My amazingly gifted and successful author/friend Vicki Kuyper nails some pretty important truths in this post. Read, comment and share. You might win a copy of her book, “A Tale of Two Biddies: A New Wrinkle on Aging with Grace.”

Bold Living airs on stations in various cities and for easy on-demand access, subscribe to the podcast on iTunes (search Diane Markins) from my website.  Diane Markins 

Due for an “I” Check

by Vicki Kuyper

Nope. I’m not Diane. But I do know her, and having been interviewed on her radio show in the past, I feel as though I know a bit about you, as well. One thing we share in common is that we’re all older than we were last year. Aging happens. That’s what my book, “A Tale of Two Biddies: A New Wrinkle on Aging with Grace,” is all about. Here’s an excerpt I think we can all relate to:

We grow old in the blink of an eye. However, growing up takes considerably longer. Some of us never really do, even though we live into our 80s and beyond. That’s because growing up involves maturing and maturing involves change. And change is hard.

We like our ruts. We eat the same thing for breakfast. Hang out with the same friends. Wear the same mom jeans we wore when our children were young—if we’re lucky enough to not have bumped up the waist size a time or two. Our favorite songs are the same ones we played on our car radio back when those bands were actually on top of the charts, instead of touting their fourth Farewell Reunion Tour.

But what if the ruts we’ve worn into our lives are leading us somewhere we never intended to go? What if we’re selfish, mean-spirited and cynical? Not that we see ourselves that way. What we see when we look in the mirror may be an independent, truth-telling realist. Of course, if we need reading glasses to decipher a price tag, perhaps the way we see ourselves has also grown a bit fuzzy over time. We may be way past due for an “I” check.

Who are we…really?

The older we get, the more stuck in our ruts we become. That means there’s no better time to re-evaluate our habits, our worth, our faith and our future than right now. Let’s trade in that Bucket List for a Becoming List. What kind of biddy do we want to become?

Getting older is a privilege. It’s a gift not everyone receives. So how do we accept it with open arms and enjoy it with a hopeful heart in spite of the challenges it brings our way?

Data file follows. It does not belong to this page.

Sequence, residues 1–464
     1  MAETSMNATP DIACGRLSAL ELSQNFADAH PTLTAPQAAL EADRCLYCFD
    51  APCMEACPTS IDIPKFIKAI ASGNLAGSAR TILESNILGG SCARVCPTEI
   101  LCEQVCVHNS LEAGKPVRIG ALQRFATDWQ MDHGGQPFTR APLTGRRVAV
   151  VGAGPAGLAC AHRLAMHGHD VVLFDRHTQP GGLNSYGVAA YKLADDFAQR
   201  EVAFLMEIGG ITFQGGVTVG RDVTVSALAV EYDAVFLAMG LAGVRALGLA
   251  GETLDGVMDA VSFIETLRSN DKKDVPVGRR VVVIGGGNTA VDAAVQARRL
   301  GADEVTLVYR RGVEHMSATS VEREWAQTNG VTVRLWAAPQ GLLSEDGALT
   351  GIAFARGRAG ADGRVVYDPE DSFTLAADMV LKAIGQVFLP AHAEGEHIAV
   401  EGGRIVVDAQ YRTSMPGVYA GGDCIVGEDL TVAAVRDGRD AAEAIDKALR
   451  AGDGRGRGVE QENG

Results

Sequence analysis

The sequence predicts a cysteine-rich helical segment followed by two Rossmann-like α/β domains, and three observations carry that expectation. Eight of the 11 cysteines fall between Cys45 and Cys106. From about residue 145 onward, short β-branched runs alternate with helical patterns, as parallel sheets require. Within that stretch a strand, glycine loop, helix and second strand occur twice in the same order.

Deuteronomy 30:19 niv says, “I have set before you life and death, blessings and curses. Now choose life.” We can’t control the aging process. But we do have a choice as to how we’re going to face each day that comes our way. Each choice we make helps shape our heart, as well as our life. We can choose what draws us closer to God and closer to becoming the women God created us to be. That’s life at it’s finest.

But the choice is up to us. Just ask my Mom.

My mother excels at choosing life. Over a decade ago she had a series of life-threatening strokes. After awaking from a coma, she had to relearn to swallow, eat, walk, read and so much more. Every day was a challenge. She spent months in a rehabilitation hospital, many more months recovering at home and years continuing to slowly regain most of the abilities she’d lost.

Now in her 80s, my mom takes line dancing classes, goes to the gym and loves to travel. Just a few months ago, last year we flew to London to take a Transatlantic cruise, just the two of us. Mom said when she told her friends at The Village (her retirement community) about her upcoming trip, not one of them wanted to go. As a matter of fact, she said they really weren’t interested in going any farther than The Village’s front door.

“They’re alive,” she said, “but they’re already dead.”

She was so right. We choose life, or death, every day. So, fellow biddy-in-training, which will you choose today?

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Renewed Sense of Get-it-together

Posted by on Jan 4, 2016 in Healthy Choices, The Blog | 1 comment

Jesus. No, that was not a cuss word. I just like to randomly throw His name out there so I remind myself to pay attention and to remind Him to pay attention to me.